CROCWATCH: A history of crocodiles in Gladstone
IF THE past is anything to learn from, reporting problem crocodiles to the correct authorities is crucial in determining the shape of history.
Despite being at the southern end of 'Croc Country', Gladstone has a long association with crocodile sightings - confirmed and unconfirmed.
In November 2016 a croc, estimated to be three metres in length, was sighted in the Boyne River at the south end of Curlew Park.
Another croc measuring about 1.5m was spotted only days later in the Calliope River near the campgrounds.
There were further sightings in 2016, including South Trees Inlet, Round Hill Creek at Agnes Water and one other sighting in both the Boyne and Calliope rivers.
There were at least seven sightings in the region during 2017, with the most recent taking place at Colosseum Inlet near Tannum Sands in October.
Yet according to the Department of Environment and Science, we only had one unconfirmed sighting in 2017, near the Bray Park boat ramp at Boyne Island in March.
The Department of Environment and Science said it cannot comment on how many reports of crocodile sightings may have been received by The Observer.
However all crocodile sightings reported to the department are recorded on CrocWatch and investigated.
"Members of the public are urged to report all crocodile sightings as soon as possible to DES on 1300130372. Timely reports greatly assist wildlife officers in their crocodile management activities," a spokesperson said.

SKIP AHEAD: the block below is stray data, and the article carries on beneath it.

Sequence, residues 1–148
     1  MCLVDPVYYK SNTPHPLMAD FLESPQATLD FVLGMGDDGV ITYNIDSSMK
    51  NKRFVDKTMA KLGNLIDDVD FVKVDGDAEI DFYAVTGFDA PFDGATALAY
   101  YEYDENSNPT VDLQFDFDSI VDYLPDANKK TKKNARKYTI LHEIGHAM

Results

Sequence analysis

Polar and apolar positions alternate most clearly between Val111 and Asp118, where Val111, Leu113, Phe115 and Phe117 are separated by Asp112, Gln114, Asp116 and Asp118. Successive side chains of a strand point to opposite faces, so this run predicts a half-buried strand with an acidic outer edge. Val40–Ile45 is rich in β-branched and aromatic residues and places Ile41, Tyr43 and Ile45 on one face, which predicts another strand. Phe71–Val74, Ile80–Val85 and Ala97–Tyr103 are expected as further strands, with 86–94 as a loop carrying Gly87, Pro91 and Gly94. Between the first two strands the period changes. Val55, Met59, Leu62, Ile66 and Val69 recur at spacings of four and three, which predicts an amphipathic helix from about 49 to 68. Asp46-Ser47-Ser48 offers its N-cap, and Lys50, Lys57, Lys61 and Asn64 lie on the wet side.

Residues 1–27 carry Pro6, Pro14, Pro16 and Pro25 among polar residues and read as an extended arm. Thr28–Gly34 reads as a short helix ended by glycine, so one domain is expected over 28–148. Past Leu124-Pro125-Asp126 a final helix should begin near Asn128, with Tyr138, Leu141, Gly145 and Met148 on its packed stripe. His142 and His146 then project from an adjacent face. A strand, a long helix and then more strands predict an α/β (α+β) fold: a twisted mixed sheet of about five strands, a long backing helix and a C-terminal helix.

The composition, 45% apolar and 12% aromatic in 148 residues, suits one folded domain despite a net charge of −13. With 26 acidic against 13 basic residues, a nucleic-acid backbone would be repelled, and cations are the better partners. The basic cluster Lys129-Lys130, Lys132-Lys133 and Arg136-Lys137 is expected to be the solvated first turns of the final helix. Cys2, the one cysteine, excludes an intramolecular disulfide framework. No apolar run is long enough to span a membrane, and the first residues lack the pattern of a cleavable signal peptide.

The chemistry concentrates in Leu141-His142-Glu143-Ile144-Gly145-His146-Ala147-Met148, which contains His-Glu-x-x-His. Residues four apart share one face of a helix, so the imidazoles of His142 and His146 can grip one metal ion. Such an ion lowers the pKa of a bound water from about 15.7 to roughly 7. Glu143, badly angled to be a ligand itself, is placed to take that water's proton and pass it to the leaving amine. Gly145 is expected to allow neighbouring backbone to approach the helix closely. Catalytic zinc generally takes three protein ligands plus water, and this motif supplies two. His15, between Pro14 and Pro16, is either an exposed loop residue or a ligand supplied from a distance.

"This is important even when the sighting is south of the Boyne River at Gladstone, which is considered the southern boundary of crocodile habitat and the normal range for crocodiles, known as 'Croc Country'.
"Any estuarine crocodile found south of the Boyne River is declared a 'problem crocodile' and targeted for capture and removal as a public safety issue."
In recent times there has been confirmed crocodile sightings as far south as the Gold Coast (January 2010) and Nudgee Beach (September 2010).
There was a sighting in the Maroochy River in January last year, while 12 crocs have been spotted in the Mary River since November 2008.
Hervey Bay and the Burnett River aren't immune either, with a handful of sightings taking place since 2009.
The newspaper clipping (pictured above) from May 5, 1987, tells the tale of cousins Arthur and Ted Nash, who spoke to The Observer some 31 years ago, about their crocodile encounters following a sighting in the Calliope River.
Arthur mentions during the article that "crocodiles will be (in Gladstone) forever" - a statement that still rings true.